Overall, it’s essentially still the Street Twin and that’s what makes the Cup such a good bike. The tweaked ergonomics add a sharper sensation to the ride, and despite the dropped bars and raised seat the riding position is still all day comfy (my gentle wrists didn’t ache once). The new bar mirrors are well placed and provide a decent rear view and the overall finish, quality of parts and attention to detail is sublime. Like the Street Twin, the Cup will appeal to a wide audience, which basically includes anyone who fancies a café racer that actually works.
From late Spring 2017 the Street Cup was available as an A2-compliant model.
MCN spoke to Stuart Wood, the man behind Triumph's retro range, to find out what the bike is all about.
"If you stop and have a look at the Triumph Street Cup you will see there is far more to it than first impressions suggest, and it is actually something we couldn’t have done with a body kit," says Wood.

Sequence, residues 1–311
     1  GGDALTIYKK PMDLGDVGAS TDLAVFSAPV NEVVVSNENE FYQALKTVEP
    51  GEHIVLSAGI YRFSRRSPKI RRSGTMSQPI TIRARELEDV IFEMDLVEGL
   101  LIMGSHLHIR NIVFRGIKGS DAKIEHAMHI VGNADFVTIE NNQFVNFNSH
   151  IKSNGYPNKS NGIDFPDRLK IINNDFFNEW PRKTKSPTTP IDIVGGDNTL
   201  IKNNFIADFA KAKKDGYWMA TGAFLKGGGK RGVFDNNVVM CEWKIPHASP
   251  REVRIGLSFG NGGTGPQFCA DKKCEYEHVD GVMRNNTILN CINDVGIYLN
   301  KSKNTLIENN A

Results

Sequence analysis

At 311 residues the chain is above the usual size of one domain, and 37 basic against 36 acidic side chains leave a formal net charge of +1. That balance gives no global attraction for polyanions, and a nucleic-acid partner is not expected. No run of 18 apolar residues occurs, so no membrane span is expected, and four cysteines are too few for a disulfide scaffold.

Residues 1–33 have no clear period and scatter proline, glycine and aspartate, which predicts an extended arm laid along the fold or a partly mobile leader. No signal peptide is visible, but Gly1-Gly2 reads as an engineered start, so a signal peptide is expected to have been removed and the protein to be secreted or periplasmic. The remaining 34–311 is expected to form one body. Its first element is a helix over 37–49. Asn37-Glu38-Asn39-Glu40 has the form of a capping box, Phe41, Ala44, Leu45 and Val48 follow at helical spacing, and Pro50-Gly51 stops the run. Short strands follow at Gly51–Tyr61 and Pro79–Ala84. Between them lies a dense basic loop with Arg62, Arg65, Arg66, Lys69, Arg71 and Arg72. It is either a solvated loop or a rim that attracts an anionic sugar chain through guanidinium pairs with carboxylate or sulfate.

"The back end is jacked-up and the ergonomics are different so the bike is a little bit sportier in its focus."
Wood says that when you ride the Street Cup and Street Twin back-to-back the differences are clear, adding: "Going the extra mile makes a real difference."
He says the Street Cup experience starts with the ace bars, the seat with its hump and the bike’s overall look. And then you get the new pegs, the paintjob with its hand pin-striped wheels, which is a different colour depending on the bike’s main colour.
"The exhausts intentionally have a single skin header so it blues up nicely at the top,” he continues. “It’s certainly not simply an inspiration kit on a Street Twin, it’s a step above. But it is not a Thruxton.
"The Thruxton and Thruxton R are very different bikes. They’re full-on sportsbikes in many ways with their geometry and components, which isn’t what the Street Cup is about, it is more of a fun bike. At the moment this means you can’t fit the Thruxton’s dolphin fairing to the Street Cup as its bars are more relaxed and that would interfere with the fairings. That’s not to say there won’t be a dedicated Street Cup dolphin fairing in the future."